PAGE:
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Good Ad Experiences

UX RESEARCH


Keywords: Privacy, Targeted Ads, Online Shopping



GOAL

To help our industry client understand what a good online shopping ad experience is, and how it affects users’ attitudes and behaviors.


TEAM
Jeanny Xu, Maggie Chen, Prasad Gaikwad, Nathan Khuu

MY ROLE
︎ Secondary Research
︎ Card Sort / Reaction Cards
︎ Diary Studies
︎ Interviews


CONTEXT
Scope & Research Goal


We started off with the high-level questions asked by our client: What makes up a "good" ad experience in online environments? How does it make people feel and what actions do these ads lead to?

We conducted initial research on online ad experiences, and found industry research reports like Coalition for Better Ads and Google’s Ad Experience Report. They outlined forms and contents of an ad that would evoke negative emotions, and gave advice on how to avoid that.

After discussion with our client, our team narrowed down the scope to users’ attitudes and actions. We chose to focus on shopping ads, because it is easier to define, and generally, they are representative of ads that an average user would encounter online.


What components (ad content, ad creative, ad contexts) define a good ad experience? How do good ad experiences affect users’ attitudes and behaviors?




With a focus on users with the following profile:

  • Adult (over 18), comfortable with technology
  • Frequent online shopper - at least 3 times/week, any form of online shopping including browsing and purchasing.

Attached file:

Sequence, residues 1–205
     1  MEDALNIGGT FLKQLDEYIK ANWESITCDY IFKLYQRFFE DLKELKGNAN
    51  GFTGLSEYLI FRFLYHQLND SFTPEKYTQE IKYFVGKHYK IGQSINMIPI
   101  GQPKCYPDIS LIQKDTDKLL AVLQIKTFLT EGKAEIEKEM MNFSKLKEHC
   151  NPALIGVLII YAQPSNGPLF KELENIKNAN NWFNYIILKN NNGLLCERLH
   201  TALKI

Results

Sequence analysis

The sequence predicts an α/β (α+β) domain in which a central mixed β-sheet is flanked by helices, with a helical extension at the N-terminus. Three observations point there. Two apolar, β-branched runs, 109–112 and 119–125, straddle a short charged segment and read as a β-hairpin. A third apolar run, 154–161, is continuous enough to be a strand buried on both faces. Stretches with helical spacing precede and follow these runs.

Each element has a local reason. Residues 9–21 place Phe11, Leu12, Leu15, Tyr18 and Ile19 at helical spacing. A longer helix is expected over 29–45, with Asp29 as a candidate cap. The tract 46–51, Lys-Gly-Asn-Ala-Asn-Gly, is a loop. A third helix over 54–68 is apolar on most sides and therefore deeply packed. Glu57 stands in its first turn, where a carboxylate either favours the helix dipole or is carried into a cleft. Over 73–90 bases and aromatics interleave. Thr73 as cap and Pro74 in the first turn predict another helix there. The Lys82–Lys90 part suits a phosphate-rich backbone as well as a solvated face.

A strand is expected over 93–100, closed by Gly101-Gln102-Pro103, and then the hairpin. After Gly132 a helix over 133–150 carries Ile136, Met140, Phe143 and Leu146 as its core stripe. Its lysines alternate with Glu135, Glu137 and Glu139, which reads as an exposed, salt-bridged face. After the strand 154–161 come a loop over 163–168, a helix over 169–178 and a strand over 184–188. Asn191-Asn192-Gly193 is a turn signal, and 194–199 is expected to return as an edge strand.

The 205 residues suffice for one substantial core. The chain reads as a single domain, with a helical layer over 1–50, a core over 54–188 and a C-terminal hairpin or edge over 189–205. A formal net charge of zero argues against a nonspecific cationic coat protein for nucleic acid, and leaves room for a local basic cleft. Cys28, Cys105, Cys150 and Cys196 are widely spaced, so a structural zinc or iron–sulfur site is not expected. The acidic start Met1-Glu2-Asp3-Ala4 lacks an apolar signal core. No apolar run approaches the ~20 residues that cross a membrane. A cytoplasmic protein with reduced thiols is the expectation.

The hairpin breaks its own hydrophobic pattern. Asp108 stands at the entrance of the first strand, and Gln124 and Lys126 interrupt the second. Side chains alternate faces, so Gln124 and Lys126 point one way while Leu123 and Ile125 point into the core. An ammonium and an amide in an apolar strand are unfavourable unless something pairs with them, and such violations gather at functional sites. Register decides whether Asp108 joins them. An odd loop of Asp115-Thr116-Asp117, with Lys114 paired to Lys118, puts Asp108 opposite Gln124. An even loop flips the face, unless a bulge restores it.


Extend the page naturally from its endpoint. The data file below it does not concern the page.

METHODS
Screening & Selection


We recognized that “good” is a generic term that can take on different meanings to different people, so we selected three research methods that will provide us with rich qualitative data, allow us to ask open-ended questions, and give participants opportunities to define what’s “good” to them.

Participants were recruited from our social circles, and those selected to participate passed an initial screening survey to ensure that they match our targeted user profile.

Diary Study


This method provided us with rich qualitative data collected from participants in situ. It helped us understand users’ thoughts and behaviors when they encounter ads while browsing, and served as a starting point to get a grasp of how people view and interact with shopping ads.





Length of study: 5 days

Number of participants: 18 (3 dropped, 15 in effect)

Compensation: Choice of beverage (up to $5)

Procedure: Participants upload screenshots of ads that they consider as a good ad experience, and answer related questions via Google Form on a daily basis.

Outcome: ~70 entries in total, 3 themes seem to emerge after synthesis:

  • Ad Creative: Visual appeal
    “The bright purple color definitely made the ad stand out on the website that I was on, and the simple graphics gave off a bold and playful vibe.”
  • Ad Content: Straightforward-ness
    “The caption was very catchy [...] and the demonstration was also short and sweet.”
  • Ad Context: Relevancy
    “I already have the matching palette with this and now I want the new release so I can have the collection. Honestly not even like super great ad in and of itself but it’s so ducking targeted.”

Interview


We then followed up with participants from the diary studies who have provided interesting insights, and conducted a more in-depth interview to collect deeper insights about their experiences.